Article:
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7

This site is dedicated to the Gnawa, (or Gnaoua, French spelling) a mystical brotherhood of musician healers based primarily out of Morocco, and their recent representation on the Web. From marginalized subculture to "official" representatives of Moroccan culture, many Gnawa have undergone a dramatic transition in the past decade as their music has been "discovered" by western "world music" lovers. Consequently, the Web has been a central mean of disseminating information about this culture.

My objectives here are two fold. First, I'm interested in providing a service by gathering together and assessing a large sample of the myriad sites dedicated to the Gnawa. This idea came to me while surfing the Web for information about the Gnawa and finding out that there weren't any portal sites dedicated to this subject matter. My hope is to facilitate the user's navigation by offering a representational sample of what the web has to offer. The sites are presented by subject matter and are annotated.

Second, I would like to provide a critical perspective on the issues surrounding the representation of the Gnawa on the Web. Today, refugee populations, exiles, and migrants around the globe have created what Anthropologist Arjun Appadurai calls the "global ethnoscape", a condition primarily driven by heightened intercultural contact, transcultural exchanges and hybrid cultural formations.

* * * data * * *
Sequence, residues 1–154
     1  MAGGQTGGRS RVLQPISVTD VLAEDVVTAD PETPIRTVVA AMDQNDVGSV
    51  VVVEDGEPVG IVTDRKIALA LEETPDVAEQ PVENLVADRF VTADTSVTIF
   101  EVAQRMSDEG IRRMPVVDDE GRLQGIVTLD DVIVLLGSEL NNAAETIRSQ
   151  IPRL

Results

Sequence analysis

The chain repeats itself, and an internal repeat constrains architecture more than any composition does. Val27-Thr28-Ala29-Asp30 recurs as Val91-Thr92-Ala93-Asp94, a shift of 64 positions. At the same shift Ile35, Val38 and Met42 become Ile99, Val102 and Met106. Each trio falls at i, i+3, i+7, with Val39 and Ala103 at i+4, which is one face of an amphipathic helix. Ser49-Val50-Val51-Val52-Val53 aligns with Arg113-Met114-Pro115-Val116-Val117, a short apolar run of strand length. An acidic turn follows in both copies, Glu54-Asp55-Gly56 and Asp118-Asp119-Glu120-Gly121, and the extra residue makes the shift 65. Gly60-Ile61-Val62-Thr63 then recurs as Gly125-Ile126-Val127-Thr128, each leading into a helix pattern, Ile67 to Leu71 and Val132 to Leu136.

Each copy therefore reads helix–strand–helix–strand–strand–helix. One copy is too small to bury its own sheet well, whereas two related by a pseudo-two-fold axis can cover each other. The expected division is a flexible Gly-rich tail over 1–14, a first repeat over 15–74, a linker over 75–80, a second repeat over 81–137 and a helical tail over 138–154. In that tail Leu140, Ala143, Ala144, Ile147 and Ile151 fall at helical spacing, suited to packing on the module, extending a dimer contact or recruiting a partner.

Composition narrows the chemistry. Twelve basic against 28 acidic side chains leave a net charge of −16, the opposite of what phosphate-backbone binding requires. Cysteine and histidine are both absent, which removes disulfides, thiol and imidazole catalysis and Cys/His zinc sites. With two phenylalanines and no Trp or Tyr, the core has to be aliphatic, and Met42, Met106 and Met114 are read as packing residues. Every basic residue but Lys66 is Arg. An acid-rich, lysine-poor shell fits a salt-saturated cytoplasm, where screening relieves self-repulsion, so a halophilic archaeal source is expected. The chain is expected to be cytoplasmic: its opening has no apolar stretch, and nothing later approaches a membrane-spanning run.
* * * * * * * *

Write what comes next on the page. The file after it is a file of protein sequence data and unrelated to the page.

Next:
How are these exchanges then to be negotiated?

The question of Western hegemony - in this case, the success of a dominant power to impose their definition of reality and their view of the world on others, in such a way that it is accepted as 'common sense' - becomes a central issue when trying to understand the effects of Globalization. How do local cultures situate themselves within this transformation? How do they negotiate their traditions in the face of change? How do they incorporate the global and still retain control of their own representation, their own historical narrative, and therefore their own lives? How do you retain your traditional concept of self while incorporating a new global self? I believe the Gnawa offer a telling example of this modern dilema. Will their representation on the web exemplify old colonial patterns of representation? Will those modes of representation which reproduce and reaffirm a Western Hegemony over the rest of the world be the norm?Or does the Web, with its free form devoid of gatekeepers, have the capacity to take inter-cultural communication to a more democratic level? To a place of resitance where old patterns a subverted and exchanges are made not on the basis of exploitation but collaboration. In the words of Hakim Bey, "Collaboration - not appropriation. Translation - not interpretation. Life - not lifestyle...World Culture is either true co-creation or it is nothing. Or worse than nothing - a sin against the holy spirit. There is no exotic other. Planet earth - love it or leave it."

For the most part I have found that the representation of the Gnawa in cyberspace tends to favor those groups who are turned toward the West. For example all the Gnawas reprented on the Web have travelled outside Morocco and the majority of the musical groups (81%) have collaborated with Western musicians. At the same time there's an obvious lack of real Gnawa voices (other than their music) on the Web. This is a trend which has a few notable exceptions that in some way approach Hakim Bey's ideal. Come and find out for yourself.